We entrepreneurs sweat a lot. Our perspiration is the result of a lot of heavy lifting. It’s the byproduct of many a nervous moment whether it be scrambling to make a payroll or waiting to find out if we won a major contract. We’ve all heard the phrase – “don’t sweat the small stuff.” But what exactly does this mean? Someone needs to write a handbook for entrepreneurs on what we should sweat about! So here goes.

Don’t sweat what type of new office furniture to buy. Do sweat whether or not sales people are spending too much time sitting on the new office furniture instead of meeting face-to-face with customers. Don’t sweat whether the receptionist is wearing a sundress that is an inch too short. Do sweat how the receptionist is greeting customers in person and on the phone. Don’t sweat whether or not the expense report format is just right. Do sweat whether it’s clear to the team what expenses are eligible for the expense report.

Don’t sweat the design of the uniforms for the company softball team. Do sweat a bad Google customer review. Don’t sweat that someone parked over the line in the parking lot. Do sweat the cleanliness of the public restrooms in your place of business. Don’t sweat the fact that a team member seemed snippy to you this morning. Do sweat whether or not you made eye contact with and cheerfully greeted every team member you saw this morning. Don’t sweat the proposal binder that started to come apart in your client meeting. Do sweat the manner in which you differentiated your product or service in that proposal. Don’t sweat the naming conventions for your electronic files. Do sweat the critical documentation that needs to be in those files.

Don’t sweat those e-mails from colleagues that ramble on forever. Do sweat the content of the e-mails and what might be discoverable in some future litigation. Don’t sweat how much it cost for lunch with a customer. Do sweat how much that lunch helped to improve your relationship with the customer. Don’t sweat how you looked in a candid photo at the company picnic that was posted on your company’s Facebook page. Do sweat whether you made sure that every member of your team felt appreciated and valued at the company picnic. Don’t sweat it that you could only afford $25 gift cards for your team at Christmas. Do sweat whether your team members see you as a genuine and authentic leader.

Don’t sweat not taking credit for the successful completion of a project you led. Do sweat sharing the credit with members of your team that ensured the success of that project. Don’t sweat being a little late for the weekly game of pickle ball with friends. Do sweat being a few minutes early for a client presentation. Don’t sweat the fact that the restaurant mixed up your dinner order. Do sweat the note of condolence to be written to a team member who just lost a loved one. Don’t sweat that your name wasn’t mentioned in a newspaper article about your company. Do sweat whether or not your company will be mentioned in a newspaper investigative report for mishandling a customer complaint.

Don’t sweat the details of the co-pay on your company’s new health insurance plan. Do sweat the details of your company’s ten-year vision. Don’t sweat the wording of your personnel handbook’s section on the dos and don’ts of copy machine usage. Do sweat the wording of the contract you are about to sign for a major equipment purchase. Don’t sweat trying to look like a hipster in your new clothes. Do sweat looking to your team like a confident and competent leader. Don’t sweat bailing out on the umpteenth all-hands conference call to discuss (ad nauseum) the final changes to the company training manual. Do sweat making it to your daughter’s school musical in which she is performing.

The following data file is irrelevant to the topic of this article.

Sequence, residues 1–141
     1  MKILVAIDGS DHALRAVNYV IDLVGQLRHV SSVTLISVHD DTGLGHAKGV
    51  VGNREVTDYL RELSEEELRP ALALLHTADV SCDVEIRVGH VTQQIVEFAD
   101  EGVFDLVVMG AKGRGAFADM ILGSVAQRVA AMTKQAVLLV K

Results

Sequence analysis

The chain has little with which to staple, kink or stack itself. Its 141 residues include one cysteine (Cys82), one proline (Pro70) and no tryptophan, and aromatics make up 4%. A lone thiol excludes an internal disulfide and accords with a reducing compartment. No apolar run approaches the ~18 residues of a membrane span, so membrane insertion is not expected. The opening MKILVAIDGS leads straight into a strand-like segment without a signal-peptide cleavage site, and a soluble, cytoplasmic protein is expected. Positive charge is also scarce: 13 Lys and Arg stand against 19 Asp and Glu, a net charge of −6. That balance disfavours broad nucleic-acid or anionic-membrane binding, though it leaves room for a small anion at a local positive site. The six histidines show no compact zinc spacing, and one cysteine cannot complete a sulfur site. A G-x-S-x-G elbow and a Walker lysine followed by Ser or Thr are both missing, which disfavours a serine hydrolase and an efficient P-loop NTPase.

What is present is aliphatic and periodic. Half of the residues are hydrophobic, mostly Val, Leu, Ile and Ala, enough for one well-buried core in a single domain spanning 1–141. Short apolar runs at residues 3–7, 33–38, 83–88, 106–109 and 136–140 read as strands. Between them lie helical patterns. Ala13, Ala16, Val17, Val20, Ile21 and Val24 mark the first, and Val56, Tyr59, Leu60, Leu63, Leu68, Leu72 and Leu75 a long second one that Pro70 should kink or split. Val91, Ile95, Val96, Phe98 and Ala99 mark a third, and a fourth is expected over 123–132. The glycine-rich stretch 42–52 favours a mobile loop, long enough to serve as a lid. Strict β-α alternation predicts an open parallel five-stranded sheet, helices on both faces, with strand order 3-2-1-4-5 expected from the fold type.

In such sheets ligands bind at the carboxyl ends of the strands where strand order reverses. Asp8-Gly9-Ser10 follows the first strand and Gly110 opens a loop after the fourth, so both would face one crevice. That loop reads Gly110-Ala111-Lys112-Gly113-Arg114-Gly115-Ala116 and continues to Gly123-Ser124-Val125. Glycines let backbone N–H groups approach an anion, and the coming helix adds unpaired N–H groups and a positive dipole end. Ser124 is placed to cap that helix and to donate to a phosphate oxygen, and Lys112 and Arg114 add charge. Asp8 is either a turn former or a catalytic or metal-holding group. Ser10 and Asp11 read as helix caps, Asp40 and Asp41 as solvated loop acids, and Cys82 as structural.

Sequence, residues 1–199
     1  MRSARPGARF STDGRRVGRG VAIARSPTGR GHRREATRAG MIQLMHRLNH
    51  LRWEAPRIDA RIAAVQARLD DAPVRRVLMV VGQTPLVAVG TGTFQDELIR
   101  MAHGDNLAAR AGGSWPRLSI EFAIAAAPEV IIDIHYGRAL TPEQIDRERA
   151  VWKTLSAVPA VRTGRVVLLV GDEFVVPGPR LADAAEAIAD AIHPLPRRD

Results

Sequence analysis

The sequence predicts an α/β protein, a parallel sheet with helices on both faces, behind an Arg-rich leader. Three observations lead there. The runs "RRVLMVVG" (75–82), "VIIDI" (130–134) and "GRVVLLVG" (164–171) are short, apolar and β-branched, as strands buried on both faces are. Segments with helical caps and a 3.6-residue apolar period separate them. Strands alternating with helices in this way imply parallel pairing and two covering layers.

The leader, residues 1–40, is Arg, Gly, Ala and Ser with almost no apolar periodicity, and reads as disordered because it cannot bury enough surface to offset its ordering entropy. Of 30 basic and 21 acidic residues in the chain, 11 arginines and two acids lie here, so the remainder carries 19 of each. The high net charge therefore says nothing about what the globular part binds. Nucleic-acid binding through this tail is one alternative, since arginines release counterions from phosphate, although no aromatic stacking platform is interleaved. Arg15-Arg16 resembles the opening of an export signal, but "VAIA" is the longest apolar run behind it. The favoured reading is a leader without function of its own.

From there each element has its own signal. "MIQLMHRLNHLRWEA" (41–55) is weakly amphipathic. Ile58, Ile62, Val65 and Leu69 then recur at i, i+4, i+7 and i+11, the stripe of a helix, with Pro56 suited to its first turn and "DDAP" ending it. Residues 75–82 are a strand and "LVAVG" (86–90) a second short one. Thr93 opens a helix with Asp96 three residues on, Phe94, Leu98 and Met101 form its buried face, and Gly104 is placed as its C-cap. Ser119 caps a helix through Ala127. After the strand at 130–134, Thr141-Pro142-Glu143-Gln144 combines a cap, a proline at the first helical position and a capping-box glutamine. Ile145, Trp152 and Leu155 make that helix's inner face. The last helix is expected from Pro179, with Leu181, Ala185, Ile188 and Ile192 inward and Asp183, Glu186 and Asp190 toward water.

Yes, there are plenty of things to sweat about and plenty of things to not. The trick is figuring out that which is important. The best measure is to focus on what is best for your customers and your team members. Much of the rest may be superfluous.

You can also listen to a weekly audio podcast of my blog. What you hear will be different than what you read in this blog. Subscribe on iTunes or wherever you get your podcasts. You can also click on this link – Click here to listen to Audio Episode 115 – Overflowing.

This blog is being written in tandem with my book, “An Entrepreneur’s Words to Live By,” available on Amazon.com in paperback and Kindle (My Book), as well as being available in all of the other major eBook formats.

Tunnel Vision

During the days when I was flying an airplane, I learned a very important entrepreneurial lesson. I’d be approaching a large airport and the situation became very busy. I had Approach Control giving me vectors and altitudes which required regular attention to the instrument panel. I had a landing checklist to review. If there were passengers, I needed to make sure they were buckled in and loose objects were secure in the cockpit. I also had to dial in the radio frequency for the airport tower to be ready for the hand-off from Air Traffic Control. Whew! With all this activity it was easy to forget to do one very critical thing – and that was to get my head up and look outside the airplane. Pretty obvious, right? You have no idea how even the most experienced pilots can make this mistake. We’re focused on everything else – and yes, we are looking straight out in front of us to line up with the runway. But there are other objects in the sky – aircraft that might be unaware of our presence, radio towers, drones, birds, etc. I quickly came to understand (under the penalty of death) that I needed to avoid Tunnel Vision at all costs.